The following information is about emergency treatment for seizures in the UK. If you are looking for information in another country, please contact your local epilepsy organisation
Many people have seizures that only last for a short time. Their seizures usually stop by themselves, and they don’t need emergency treatment.
Some people have seizures that last for longer than 30 minutes. Or they have one seizure after another, lasting for 30 minutes or more, without recovering in between. This is called status epilepticus. Status epilepticus is a medical emergency because it can lead to brain damage or even death.
Research shows that emergency medicines, given when a seizure has lasted five minutes, can stop seizures turning into status epilepticus. Two emergency medicines are midazolam and diazepam. Midazolam is given buccally (in the cheek or nose). Diazepam is given rectally (in the back passage).
Epilepsy care plan
If you have epilepsy, you should have an epilepsy care plan. This is recommended by the National Institute for Health and Clinical Excellence (NICE). NICE is the independent organisation that provides national guidance on treatments and care for people using the NHS in England and Wales. The guidance is for healthcare professionals, patients and their carers to help them make decisions about treatment and healthcare.
If you have had long or repeated seizures in the past, and have been prescribed emergency medicine, details about this should in your care plan. Your care plan should also give instructions on when and how to use the medicine.
Your doctor or epilepsy nurse should write your epilepsy care plan for you. You, and your family or carers should also be involved in writing your epilepsy care plan. This will give you the chance to give your informed consent to the treatment.
Epilepsy Action has an example of a care plan, provided by Lancashire Teaching Hospitals NHS Trust. You or your healthcare professional may wish to download a copy of this.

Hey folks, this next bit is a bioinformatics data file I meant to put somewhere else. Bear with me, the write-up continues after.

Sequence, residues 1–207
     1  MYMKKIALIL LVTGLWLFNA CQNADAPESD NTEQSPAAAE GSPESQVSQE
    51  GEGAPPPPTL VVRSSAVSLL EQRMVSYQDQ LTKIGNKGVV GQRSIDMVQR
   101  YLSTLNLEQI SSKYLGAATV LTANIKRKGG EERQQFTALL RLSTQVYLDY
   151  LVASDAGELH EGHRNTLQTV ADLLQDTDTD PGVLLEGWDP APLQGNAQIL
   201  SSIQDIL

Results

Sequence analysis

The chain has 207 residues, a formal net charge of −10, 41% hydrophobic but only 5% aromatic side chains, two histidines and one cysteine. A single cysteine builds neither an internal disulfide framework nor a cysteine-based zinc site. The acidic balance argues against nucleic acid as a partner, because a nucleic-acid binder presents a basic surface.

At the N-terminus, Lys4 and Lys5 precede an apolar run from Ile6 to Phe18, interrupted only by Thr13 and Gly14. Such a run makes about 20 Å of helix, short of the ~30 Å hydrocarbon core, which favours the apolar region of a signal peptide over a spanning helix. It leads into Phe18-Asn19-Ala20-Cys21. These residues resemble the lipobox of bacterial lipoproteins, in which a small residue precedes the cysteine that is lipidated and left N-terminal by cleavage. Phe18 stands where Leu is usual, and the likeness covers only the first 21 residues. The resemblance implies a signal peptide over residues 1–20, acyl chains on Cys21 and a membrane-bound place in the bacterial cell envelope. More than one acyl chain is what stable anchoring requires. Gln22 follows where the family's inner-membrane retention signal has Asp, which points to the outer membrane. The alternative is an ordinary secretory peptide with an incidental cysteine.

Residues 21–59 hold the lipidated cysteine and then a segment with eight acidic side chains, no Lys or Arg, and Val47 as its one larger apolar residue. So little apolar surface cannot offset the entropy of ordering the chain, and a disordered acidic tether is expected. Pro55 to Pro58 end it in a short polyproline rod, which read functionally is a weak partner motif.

It’s important that the person who has a history of status epilepticus is involved as much as possible when a treatment plan is being written. This will give them the chance to give their informed consent.
Some people with epilepsy and learning disabilities are not able to make decisions about how they are treated. This means they can’t give informed consent. Each country in the UK has rules that say who should make important treatment and care decisions on behalf of people who can’t give consent.
Mental Capacity Act 2005
The Mental Capacity Act 2005 is a law which covers people in England and Wales. It provides clear legal guidelines for making decisions for people over the age of 16 who can’t make decisions for themselves.
The Act says that people should be able to understand what the medical treatment is, what it will do, and why it is being proposed for them. They also need to be able to understand the benefits and risks of the treatment, and whether other treatments could be used instead.
The Act says that the person should understand what will happen to them if they don’t have the treatment. They should also be able to remember information long enough to make a decision. And, most importantly, they should have a choice of what happens to them, without being put under any pressure.
Adults with Incapacity (Scotland) Act 2000
In Scotland, the Adults with Incapacity (Scotland) Act 2000 allows doctors to authorise medical treatment, if the person doesn’t have the capacity to consent themselves.
People with learning disabilities who can’t consent to treatment may also have a Welfare Guardian appointed under this Act. This guardian is able to consent to medical treatment on behalf of the person with a learning disability.
Consent in Northern Ireland
There is no specific law to protect people who can’t give consent to their treatment. Therefore, the Mental Capacity Act, which covers England and Wales, is used as guidance.
Epilepsy Action has the following DVD about emergency treatment of seizures. You can find further details about them in our online shop.
- Buccal midazolam training DVD for parents and carers
Epilepsy Action would like to thank Dr Amanda Freeman, Consultant Paediatrician at Queen Alexandra Hospital, Portsmouth, UK for her contribution to this information.
Dr Freeman has received sponsorship for educational events from Viropharma, which makes a version of buccal midazolam.
This information has been produced under the terms of The Information Standard.
Updated December 2012To be reviewed December 2014